On the other hand, not all the recurring themes in the present volume are heartwarming. One is the author’s intense anguish at what European Jewry was undergoing at the time, in 1943, at the peak of the Holocaust. He repeatedly urged his listeners to feel the pain of their brothers and sisters, and to do whatever could be done to alleviate it. He also took action to see to it that the thousand Polish-born refugee children, mostly orphans, whom self-sacrificing fellow Jews had recently rescued and brought to the Holy Land via India and Teheran, should be transferred to institutions that respected the lifestyle in which they had been nurtured in their observant homes.

Another subject that pained the Rebbe Rayatz was the frigidity of American Jewry at the time. Unafraid of using forthright language, he speaks of stores with treife kosher-certificates; of European migrants now attending a modernized house of worship in order to be entertained by the sermons of its “rabbinic jester”; he speaks of “Jewish grandfathers wandering about with the Shabbos issue of their Yiddish-language newspapers”; of the widespread neglect of the laws of family purity; and of the cultural alienation of children and their consequent intermarriage. As to the faithless and utterly unobservant rabbis who taught in after-hours Talmud Torah schools, he declares that “the fact that the prominent members of Agudas HaRabbonim (the roof organization of Orthodox rabbis) stand aside coolly in the face of this situation is utterly incomprehensible.”

The first response of the Rebbe Rayatz to this situation is a cry from the heart. He describes how the Prophet Yonah thought that he could hide himself from G‑d and ran away to a ship. There, not realizing that the ship was foundering, he fell asleep, until the captain shouted: “What are you doing there asleep?”

The Rebbe Rayatz concludes: “American Jews have jumped onto a ship and have landed in a very nice country, where they have fallen asleep without realizing that the ship is in danger. Why are they waiting until the captain wakes them up?”

The other response of the Rebbe Rayatz is a pioneering call to his chassidim, and especially to the temimim – to go out in the streets and to engage in active outreach with regard to all the above, and in particular, to the practical observance of mitzvos.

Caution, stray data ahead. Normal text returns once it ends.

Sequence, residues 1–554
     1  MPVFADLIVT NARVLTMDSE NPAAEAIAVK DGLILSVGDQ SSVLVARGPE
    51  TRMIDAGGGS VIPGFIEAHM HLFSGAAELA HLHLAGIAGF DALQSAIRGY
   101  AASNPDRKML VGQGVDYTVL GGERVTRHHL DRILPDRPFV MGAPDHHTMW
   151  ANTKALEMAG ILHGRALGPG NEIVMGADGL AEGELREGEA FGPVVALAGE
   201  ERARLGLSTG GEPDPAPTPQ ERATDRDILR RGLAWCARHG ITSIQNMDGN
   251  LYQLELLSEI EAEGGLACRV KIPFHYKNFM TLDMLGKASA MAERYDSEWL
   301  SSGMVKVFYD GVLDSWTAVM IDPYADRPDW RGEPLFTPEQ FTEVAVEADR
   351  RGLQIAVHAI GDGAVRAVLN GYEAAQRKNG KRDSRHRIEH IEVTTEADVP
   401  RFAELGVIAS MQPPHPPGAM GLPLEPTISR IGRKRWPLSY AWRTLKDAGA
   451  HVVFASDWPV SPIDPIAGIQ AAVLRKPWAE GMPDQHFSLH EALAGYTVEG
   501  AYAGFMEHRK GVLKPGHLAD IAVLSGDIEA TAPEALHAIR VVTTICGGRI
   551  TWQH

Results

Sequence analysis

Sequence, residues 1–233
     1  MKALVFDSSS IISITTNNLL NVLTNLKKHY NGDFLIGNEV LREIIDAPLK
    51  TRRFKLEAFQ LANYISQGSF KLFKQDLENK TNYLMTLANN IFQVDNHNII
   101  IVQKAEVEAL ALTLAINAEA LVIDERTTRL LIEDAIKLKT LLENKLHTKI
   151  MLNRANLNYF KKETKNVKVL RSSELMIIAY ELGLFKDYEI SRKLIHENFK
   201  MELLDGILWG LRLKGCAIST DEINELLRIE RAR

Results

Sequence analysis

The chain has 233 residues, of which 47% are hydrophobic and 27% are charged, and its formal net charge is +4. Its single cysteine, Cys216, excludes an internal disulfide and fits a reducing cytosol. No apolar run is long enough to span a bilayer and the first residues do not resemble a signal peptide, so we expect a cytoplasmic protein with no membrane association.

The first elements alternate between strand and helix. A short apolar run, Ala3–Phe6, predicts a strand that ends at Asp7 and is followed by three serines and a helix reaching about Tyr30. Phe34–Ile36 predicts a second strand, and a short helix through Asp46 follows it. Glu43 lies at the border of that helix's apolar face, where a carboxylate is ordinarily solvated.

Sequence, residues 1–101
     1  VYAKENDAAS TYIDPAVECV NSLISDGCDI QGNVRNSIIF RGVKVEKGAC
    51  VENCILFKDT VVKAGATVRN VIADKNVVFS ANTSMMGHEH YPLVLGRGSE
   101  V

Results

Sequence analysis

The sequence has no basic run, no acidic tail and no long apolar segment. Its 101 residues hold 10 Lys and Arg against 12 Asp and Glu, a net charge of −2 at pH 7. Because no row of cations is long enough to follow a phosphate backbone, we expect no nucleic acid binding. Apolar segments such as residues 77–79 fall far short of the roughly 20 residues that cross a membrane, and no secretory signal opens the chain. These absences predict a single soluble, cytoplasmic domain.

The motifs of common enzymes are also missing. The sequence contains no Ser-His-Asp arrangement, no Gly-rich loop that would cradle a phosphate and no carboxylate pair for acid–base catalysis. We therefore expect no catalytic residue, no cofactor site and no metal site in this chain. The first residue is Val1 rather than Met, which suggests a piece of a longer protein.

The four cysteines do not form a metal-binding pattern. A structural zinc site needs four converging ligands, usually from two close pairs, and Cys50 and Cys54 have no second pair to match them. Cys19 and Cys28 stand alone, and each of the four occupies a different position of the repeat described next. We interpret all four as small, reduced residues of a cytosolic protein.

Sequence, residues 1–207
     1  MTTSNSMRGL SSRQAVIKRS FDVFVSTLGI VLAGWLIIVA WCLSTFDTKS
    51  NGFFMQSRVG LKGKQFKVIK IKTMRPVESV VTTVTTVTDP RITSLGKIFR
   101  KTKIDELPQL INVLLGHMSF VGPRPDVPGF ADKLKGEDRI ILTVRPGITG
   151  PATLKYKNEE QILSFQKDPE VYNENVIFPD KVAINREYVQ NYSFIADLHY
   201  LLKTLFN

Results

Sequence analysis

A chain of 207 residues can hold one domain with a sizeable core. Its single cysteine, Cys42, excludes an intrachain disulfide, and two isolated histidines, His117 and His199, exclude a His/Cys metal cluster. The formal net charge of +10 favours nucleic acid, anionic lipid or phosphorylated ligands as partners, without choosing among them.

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This volume was translated and annotated6 by Uri Kaploun, designed and typeset by Yosef Yitzchok Turner, and scrutinized and prepared for publication by Rabbi Yonah Avtzon. Thanks are due to: Rabbi Sholom Dober Levin, editor of Toldos Chabad B’Artzos Ha’Bris, 5660-5710, for historical information; Rabbi Aharon Leib Raskin of Otzar HaChassidim, for his willing assistance in locating and interpreting sources; and to our many fellow chassidim who volunteered valuable background information.

This is the sixth volume to appear in a unique series that is giving thousands of eager readers the gift of direction and inspiration. The entire series owes its ongoing success above all to the far-sighted initiative of its sponsor, Yossi Malamud.

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In this outspoken volume, with its stark description of widespread passivity in the face of the ravages of assimilation in the 1940s, the Rebbe Rayatz looks each of us straight in the eye and leaves us with a bold challenge: What action are we personally taking in our days to stem that tsunami? We read here of how he defied the prevalent apathy of his generation and blazed new paths in outreach. And for our generation the Rebbe has opened up even more avenues of outreach, via the broad spectrum of mivtza’im and via the world-spanning network of motivated shluchim. Equipped with such opportunities, each of us can confidently meet the above challenge with a meaningful response.

Sichos In English

Yud Shvat, 5779 (2019)